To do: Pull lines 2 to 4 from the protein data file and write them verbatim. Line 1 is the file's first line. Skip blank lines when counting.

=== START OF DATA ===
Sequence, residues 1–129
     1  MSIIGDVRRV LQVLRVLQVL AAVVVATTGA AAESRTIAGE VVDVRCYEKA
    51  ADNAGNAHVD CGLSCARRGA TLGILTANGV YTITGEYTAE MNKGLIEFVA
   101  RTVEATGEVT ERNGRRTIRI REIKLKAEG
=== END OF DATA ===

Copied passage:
     1  MSIIGDVRRV LQVLRVLQVL AAVVVATTGA AAESRTIAGE VVDVRCYEKA
    51  ADNAGNAHVD CGLSCARRGA TLGILTANGV YTITGEYTAE MNKGLIEFVA
   101  RTVEATGEVT ERNGRRTIRI REIKLKAEG